By Robin Jones, Inspector, Ontario Provincial Police, Orillia, Ontario, Canada
By 2003 the number of people applying for a position with the Ontario Provincial Police (OPP) had dropped by 75 percent in five years. During the period 1993–1997, the OPP received 20,000 applications, and 1,239 of these applicants succeeded in obtaining probationary constable positions with the OPP. In contrast, during the period from 1998 to 2002, only 5,300 applied and 1,032 were hired for constable positions. In 1997 women represented 13 percent of the sworn strength of the OPP; in 2003 they represented 17 percent. The OPP is committed to hiring qualified individuals as police officers, taking into account the diversity of the citizens of Ontario, where 51 percent are women.
To increase the number of women applying for positions with the OPP, the department established a 2003 outreach recruitment plan for women. The existing method had recruiters partnering with community colleges offering law and security programs and police foundations diplomas. Recruiters also attend other postsecondary institutions upon request. Job fairs and other display venues offer limited exposure to potential applicants, particularly women and persons from visible minority and Aboriginal communities. The same concerns existed with the other conventional methods of recruiting for the OPP, such as Web site advertisements, pamphlets, and posters. Although the recruitment staff is racially diverse and includes several women, OPP was not drawing large numbers of applicants from these groups by using traditional recruiting methods.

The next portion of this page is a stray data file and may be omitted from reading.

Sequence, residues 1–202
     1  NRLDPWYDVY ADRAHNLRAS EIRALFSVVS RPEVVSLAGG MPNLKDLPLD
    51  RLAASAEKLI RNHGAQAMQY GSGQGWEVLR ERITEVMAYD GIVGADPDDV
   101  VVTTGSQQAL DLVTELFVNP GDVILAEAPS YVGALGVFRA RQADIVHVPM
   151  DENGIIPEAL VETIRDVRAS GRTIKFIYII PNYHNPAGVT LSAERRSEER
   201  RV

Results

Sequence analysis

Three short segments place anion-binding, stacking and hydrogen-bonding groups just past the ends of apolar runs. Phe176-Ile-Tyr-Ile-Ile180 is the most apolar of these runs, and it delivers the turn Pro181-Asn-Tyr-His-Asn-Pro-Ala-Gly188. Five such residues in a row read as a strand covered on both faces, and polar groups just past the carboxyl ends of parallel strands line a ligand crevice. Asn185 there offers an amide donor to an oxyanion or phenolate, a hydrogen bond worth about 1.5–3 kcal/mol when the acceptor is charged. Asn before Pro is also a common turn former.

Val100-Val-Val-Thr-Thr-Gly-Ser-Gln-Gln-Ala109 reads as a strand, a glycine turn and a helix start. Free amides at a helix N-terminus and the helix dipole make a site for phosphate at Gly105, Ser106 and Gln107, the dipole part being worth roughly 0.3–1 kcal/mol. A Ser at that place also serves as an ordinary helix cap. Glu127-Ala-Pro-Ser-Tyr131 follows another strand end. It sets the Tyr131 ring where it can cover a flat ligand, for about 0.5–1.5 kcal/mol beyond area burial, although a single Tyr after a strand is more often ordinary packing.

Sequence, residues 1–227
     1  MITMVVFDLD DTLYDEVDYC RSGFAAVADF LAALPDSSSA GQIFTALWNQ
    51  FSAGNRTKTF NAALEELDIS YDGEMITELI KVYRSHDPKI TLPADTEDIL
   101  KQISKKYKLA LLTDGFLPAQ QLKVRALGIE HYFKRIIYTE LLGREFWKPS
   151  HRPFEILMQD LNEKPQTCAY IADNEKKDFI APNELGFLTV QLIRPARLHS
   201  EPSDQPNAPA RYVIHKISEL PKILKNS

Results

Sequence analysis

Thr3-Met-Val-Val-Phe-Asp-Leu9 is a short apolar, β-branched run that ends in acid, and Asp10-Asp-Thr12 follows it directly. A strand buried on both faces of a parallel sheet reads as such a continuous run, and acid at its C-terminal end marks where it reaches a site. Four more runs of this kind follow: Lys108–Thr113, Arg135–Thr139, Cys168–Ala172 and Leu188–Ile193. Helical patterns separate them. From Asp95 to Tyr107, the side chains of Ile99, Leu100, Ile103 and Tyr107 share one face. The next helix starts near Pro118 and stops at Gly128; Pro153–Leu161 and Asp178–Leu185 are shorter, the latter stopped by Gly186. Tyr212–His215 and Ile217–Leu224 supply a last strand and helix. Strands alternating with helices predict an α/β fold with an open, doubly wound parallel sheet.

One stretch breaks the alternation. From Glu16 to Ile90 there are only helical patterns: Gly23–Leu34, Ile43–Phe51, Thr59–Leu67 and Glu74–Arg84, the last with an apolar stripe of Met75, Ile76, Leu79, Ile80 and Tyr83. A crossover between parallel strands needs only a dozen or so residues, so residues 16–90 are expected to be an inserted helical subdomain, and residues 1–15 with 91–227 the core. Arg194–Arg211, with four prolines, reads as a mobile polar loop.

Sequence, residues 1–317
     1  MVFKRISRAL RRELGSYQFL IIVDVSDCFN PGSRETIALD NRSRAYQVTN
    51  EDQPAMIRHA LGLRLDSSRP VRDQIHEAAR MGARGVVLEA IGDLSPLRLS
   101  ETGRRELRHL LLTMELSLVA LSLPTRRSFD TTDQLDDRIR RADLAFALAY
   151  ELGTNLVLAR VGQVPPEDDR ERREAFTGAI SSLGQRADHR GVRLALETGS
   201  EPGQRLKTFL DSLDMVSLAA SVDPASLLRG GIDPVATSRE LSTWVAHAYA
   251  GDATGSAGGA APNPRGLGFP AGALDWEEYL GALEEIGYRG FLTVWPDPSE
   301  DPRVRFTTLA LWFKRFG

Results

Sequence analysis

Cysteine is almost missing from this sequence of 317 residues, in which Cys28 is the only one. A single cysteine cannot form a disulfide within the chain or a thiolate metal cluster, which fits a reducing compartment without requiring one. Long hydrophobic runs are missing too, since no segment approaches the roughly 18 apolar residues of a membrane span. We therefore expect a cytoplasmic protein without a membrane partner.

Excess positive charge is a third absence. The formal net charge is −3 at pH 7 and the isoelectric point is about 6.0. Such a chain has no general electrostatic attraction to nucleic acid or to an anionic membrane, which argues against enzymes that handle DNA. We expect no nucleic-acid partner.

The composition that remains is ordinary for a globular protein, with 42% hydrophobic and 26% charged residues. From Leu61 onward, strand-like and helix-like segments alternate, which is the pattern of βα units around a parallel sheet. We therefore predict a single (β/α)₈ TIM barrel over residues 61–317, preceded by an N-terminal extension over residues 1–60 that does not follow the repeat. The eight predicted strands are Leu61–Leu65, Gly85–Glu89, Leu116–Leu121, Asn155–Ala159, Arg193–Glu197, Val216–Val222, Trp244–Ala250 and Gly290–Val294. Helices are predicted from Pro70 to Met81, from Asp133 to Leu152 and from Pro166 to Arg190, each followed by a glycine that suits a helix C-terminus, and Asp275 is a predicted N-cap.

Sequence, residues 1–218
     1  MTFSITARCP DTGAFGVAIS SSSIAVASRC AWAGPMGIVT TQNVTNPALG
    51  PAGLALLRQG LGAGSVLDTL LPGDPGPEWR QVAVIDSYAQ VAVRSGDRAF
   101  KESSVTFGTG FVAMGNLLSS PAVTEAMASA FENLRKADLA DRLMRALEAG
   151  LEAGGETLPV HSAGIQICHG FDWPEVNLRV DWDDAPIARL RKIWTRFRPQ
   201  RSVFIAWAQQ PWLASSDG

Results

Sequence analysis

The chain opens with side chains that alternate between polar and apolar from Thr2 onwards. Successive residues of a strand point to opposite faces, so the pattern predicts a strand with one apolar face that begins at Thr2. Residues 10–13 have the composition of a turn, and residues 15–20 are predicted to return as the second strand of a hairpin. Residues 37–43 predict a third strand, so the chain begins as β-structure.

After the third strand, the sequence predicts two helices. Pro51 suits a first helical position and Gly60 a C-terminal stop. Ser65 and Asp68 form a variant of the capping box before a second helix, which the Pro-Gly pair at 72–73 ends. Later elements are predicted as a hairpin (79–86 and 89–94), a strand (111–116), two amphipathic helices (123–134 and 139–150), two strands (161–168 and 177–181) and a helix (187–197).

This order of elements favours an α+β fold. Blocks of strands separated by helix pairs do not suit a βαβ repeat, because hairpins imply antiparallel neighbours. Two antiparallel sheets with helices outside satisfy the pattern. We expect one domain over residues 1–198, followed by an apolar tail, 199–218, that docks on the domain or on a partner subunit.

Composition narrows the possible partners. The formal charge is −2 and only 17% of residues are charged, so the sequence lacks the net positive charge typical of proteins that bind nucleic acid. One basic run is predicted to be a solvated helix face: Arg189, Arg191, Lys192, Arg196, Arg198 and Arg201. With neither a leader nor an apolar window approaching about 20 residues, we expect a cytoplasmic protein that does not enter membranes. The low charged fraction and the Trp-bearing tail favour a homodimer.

Finding a New Way
In late 2002 it became obvious the OPP needed to develop an outreach recruitment plan targeted at women and other diversity groups. Relying on the same recruiting strategies used for years rather than focusing on specific groups to provide a diversify pool of qualified applicants would not meet the corporate objectives. Women, Aboriginal persons, and persons of color are three such groups.
In early 2003 OPP explored new recruitment options, different vehicles to deliver information in exciting and interactive ways to qualified people. The OPP was very much aware of the work that the International Association of Chiefs of Police (IACP) has accomplished. In 1998 IACP created an ad hoc committee on women in policing that was tasked to examine the role of women in policing, identify issues of concern, and make recommendations. This research included a survey of IACP membership about their perspectives and opinions in the following areas on women in policing:
- Status and roles
- Recruitment and selection
- Supporting and mentoring
- Training and supervision
- Sexual Harassment
- Barriers to promotion
- Strategic directions for women1